Moving from international rankings to Mexican higher education’s real progress: A critical perspective

Etty Haydee Estevez Nenninger*, Lizeth Guadalupe Parra-Perez, Edgar Oswaldo González Bello, Angel Alberto Valdés Cuervo, Juan Pablo Durand Villalobos, Marion Lloyd, Jorge Martínez Stack

*Corresponding author for this work

Research output: Contribution to journalReview articlepeer-review

5 Scopus citations


Higher education in Mexico is under an ongoing transition process influenced by global tendencies. The world is changing, and Mexico is striving to fulfill the latest requirements to be part of the “elite universities.” Although higher education literature has tracked Mexico’s progress, the tension between global tendencies and their effects on Mexican higher education institutions have not been explored. Drawing upon academic capitalism and the theory of power, this article examines not only the academic growth but also global tendencies in higher education—such as privatization, international ranking, and academic stratification that act as policy-drivers to reshape educational policy in Mexico. Furthermore, it examines current strategies in higher education policy, seeking to decipher its focus on science and technology as result of globalization pressure. The authors suggest higher education policy in Mexico is shaped by dominant voices that exert their power to keep current hegemonic relations that benefit those in top positions. Also, they assert the detrimental effects of current policies deserve to be explored.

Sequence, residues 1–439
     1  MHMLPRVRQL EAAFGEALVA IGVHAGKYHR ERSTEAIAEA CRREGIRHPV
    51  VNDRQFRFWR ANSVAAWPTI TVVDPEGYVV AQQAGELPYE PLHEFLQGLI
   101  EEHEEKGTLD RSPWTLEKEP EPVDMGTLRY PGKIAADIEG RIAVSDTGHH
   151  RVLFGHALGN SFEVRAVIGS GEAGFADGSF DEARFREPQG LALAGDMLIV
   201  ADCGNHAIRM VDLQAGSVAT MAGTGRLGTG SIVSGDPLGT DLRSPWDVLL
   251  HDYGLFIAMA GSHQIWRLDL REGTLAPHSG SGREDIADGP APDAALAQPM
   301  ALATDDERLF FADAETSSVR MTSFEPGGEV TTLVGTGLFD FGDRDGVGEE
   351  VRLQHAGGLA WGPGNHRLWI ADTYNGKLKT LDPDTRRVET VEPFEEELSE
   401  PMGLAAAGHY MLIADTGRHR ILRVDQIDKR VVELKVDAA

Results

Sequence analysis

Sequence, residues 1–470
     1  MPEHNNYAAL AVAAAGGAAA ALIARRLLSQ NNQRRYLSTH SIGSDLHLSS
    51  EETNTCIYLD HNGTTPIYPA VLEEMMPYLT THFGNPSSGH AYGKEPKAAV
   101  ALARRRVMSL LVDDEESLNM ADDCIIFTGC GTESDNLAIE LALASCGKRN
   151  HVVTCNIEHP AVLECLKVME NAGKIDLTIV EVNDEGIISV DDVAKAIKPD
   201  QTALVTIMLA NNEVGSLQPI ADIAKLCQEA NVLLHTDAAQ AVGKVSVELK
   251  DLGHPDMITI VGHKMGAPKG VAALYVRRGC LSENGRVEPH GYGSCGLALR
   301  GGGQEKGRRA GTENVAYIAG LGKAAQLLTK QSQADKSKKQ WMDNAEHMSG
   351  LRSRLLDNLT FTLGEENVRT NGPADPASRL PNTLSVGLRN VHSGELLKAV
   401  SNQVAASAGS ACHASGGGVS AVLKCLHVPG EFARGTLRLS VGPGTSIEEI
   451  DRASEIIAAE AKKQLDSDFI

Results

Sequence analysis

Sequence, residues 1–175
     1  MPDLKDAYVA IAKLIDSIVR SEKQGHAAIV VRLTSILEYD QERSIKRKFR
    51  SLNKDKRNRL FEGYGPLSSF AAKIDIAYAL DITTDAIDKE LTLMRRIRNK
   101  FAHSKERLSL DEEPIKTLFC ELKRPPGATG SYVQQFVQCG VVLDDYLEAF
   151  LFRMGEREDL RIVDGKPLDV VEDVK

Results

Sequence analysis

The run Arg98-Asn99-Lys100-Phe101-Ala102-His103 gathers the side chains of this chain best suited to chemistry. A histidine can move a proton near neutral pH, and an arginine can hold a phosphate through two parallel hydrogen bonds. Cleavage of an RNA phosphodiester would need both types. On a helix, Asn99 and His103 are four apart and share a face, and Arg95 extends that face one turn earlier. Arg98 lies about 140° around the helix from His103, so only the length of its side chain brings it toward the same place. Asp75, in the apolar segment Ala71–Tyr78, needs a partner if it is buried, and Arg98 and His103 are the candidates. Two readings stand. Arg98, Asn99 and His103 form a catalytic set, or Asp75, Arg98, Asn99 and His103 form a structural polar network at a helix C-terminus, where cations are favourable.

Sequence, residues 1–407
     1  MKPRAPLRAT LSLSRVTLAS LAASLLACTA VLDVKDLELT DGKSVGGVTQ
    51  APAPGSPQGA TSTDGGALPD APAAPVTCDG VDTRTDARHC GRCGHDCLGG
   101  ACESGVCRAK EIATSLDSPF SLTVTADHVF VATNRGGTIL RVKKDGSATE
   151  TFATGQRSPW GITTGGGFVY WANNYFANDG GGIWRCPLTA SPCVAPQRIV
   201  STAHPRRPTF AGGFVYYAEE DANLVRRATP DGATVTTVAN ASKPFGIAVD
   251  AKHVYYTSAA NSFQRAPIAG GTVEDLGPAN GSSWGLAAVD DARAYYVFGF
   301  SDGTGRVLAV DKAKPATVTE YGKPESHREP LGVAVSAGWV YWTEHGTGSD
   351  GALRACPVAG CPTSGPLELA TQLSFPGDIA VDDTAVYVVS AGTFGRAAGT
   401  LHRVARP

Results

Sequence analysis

Original languageEnglish
Article number1507799
JournalCogent Education
Issue number1
StatePublished - 1 Jan 2018
Externally publishedYes

Bibliographical note

Publisher Copyright:
© 2018 The Author(s).


  • Academic capitalism
  • Academics
  • Global tendencies
  • Higher education
  • Science and technology
  • Theory of power


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